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ILO Minimum Wage 2020

The vast majority of ships’ support level ratings are recruited from developing nations, and the shipping industry is probably unique in that, under the auspices of the International Labour Organization (ILO), it has a recommended global minimum wage for seafarers.

International Labour Organization, Geneva

By definition, the ILO wage is only a minimum. Most ratings from developing countries that serve on internationally trading ships receive significantly higher wages than those recommended by ILO. The current ILO Minimum Wage is substantially higher than that paid for comparative work ashore in developing countries. Moreover, the total wage enjoyed by Able Seafarers is significantly higher once overtime hours and other mandatory payments, such as leave entitlements, are taken into account.

The ILO minimum is reviewed periodically by the ILO Joint Maritime Commission (JMC), a bipartite ILO body comprising employers’ representatives co-ordinated by ICS and seafarers’ union representatives co-ordinated by the International Transport Workers’ Federation (ITF).

On 1 January 2020, the current level of the ILO Minimum Wage for the rating grade of Able Seafarer, formally known as Able Seaman (AB), increased to US$ 625 per month. It should be emphasised that this only covers basic wages and excludes substantial overtime payments and other mandatory entitlements.

A further increase to US$ 641 per month will take effect on 1 January 2021, in line with the agreement reached in Geneva, in 2018, which agreed a 4.5% increase to the ILO minimum which applied at that time.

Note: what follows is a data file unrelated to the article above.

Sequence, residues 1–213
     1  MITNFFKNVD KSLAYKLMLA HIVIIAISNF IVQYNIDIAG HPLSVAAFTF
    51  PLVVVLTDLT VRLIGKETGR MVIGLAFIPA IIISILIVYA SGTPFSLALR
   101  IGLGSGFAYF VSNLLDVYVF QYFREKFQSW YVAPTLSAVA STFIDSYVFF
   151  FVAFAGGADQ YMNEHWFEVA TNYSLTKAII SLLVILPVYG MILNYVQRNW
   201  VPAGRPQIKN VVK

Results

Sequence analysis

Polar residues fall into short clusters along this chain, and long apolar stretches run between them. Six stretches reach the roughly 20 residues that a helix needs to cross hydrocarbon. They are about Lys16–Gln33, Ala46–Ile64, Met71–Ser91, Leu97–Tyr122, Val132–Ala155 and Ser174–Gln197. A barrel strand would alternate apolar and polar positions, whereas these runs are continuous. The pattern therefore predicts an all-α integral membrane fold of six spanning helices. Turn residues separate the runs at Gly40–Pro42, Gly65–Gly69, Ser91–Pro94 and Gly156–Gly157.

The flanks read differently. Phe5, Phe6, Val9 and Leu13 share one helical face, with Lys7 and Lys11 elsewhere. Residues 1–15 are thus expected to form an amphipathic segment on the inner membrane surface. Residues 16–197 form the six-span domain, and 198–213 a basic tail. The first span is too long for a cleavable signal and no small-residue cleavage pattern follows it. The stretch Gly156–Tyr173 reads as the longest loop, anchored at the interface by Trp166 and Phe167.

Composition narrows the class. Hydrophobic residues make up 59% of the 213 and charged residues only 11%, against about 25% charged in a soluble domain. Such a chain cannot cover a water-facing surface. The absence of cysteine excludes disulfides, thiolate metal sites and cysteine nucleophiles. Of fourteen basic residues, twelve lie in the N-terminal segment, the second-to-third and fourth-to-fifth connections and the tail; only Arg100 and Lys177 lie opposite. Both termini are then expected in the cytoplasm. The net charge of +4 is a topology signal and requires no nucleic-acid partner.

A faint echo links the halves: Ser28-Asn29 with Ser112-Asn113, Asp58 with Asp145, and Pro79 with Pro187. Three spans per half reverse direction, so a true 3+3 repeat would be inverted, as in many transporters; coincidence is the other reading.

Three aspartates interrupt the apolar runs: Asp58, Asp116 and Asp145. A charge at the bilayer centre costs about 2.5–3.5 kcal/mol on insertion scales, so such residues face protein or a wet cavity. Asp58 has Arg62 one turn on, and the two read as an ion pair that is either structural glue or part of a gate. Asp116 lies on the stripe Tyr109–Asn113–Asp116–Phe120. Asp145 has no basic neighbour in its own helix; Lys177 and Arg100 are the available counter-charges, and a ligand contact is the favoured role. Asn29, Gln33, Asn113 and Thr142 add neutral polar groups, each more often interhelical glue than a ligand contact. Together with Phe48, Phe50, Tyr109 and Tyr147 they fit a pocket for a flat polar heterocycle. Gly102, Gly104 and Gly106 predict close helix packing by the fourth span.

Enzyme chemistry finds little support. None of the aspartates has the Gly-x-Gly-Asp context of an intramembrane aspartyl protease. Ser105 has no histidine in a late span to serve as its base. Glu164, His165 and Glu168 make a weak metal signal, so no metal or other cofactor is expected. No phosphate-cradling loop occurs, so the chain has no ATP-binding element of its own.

ICS is strongly committed to the principle of the ILO Minimum Wage which is referenced in the ILO Maritime Labour Convention. While it is still only recommendatory, and is not directly relevant to seafarer grades other than Able Seafarers (officers receiving significantly higher wages) the ILO Minimum Wage has a strong moral authority and is often referred to by national courts. It is particularly important for employers in some developing countries and may also be relevant to collective bargaining negotiations, including those which take place in the International Bargaining Forum (IBF), as well as those conducted by several ICS national
associations on behalf of their member companies.

The ILO Minimum Wage is next scheduled to be reviewed by the Joint Maritime Commission at a meeting in Geneva in April 2021. This will be held in conjunction with next Special Tripartite Committee (STC) on the ILO Maritime Labour Convention, involving seafarers’ unions and governments, at which ICS will also be co-ordinating the positions of global maritime employers.